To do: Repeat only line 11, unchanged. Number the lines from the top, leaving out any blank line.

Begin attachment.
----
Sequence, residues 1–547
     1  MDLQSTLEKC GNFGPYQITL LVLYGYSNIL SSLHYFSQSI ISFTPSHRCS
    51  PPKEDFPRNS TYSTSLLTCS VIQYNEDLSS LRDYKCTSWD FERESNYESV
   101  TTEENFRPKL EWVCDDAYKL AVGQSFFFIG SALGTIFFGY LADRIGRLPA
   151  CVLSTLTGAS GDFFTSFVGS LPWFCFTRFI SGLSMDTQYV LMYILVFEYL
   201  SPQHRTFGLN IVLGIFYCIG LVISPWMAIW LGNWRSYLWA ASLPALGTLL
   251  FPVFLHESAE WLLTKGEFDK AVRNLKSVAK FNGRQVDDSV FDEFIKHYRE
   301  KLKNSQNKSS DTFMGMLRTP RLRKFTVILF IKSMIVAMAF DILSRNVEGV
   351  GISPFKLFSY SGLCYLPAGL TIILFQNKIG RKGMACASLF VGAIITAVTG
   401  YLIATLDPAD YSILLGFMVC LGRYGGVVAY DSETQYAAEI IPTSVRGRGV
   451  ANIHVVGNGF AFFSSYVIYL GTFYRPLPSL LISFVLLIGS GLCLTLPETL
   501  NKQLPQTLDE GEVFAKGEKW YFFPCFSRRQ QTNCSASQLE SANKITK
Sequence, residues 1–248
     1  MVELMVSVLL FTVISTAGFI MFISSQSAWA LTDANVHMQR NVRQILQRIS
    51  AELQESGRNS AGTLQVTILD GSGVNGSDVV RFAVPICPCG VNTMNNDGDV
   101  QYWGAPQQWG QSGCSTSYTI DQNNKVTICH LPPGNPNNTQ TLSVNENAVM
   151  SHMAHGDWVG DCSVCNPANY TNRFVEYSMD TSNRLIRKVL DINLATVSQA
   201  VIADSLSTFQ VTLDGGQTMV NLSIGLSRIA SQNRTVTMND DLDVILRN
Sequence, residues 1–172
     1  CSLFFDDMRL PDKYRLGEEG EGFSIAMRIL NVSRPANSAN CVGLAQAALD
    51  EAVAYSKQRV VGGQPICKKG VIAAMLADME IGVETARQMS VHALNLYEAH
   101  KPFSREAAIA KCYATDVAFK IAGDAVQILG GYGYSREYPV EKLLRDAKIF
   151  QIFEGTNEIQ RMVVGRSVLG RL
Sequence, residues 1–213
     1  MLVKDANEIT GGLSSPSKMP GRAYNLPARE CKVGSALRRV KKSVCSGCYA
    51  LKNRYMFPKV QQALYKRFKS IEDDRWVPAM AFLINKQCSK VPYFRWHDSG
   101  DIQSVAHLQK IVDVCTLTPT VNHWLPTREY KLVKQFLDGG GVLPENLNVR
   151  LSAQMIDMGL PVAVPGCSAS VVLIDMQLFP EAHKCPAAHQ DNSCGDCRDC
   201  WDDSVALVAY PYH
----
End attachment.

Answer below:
   451  ANIHVVGNGF AFFSSYVIYL GTFYRPLPSL LISFVLLIGS GLCLTLPETL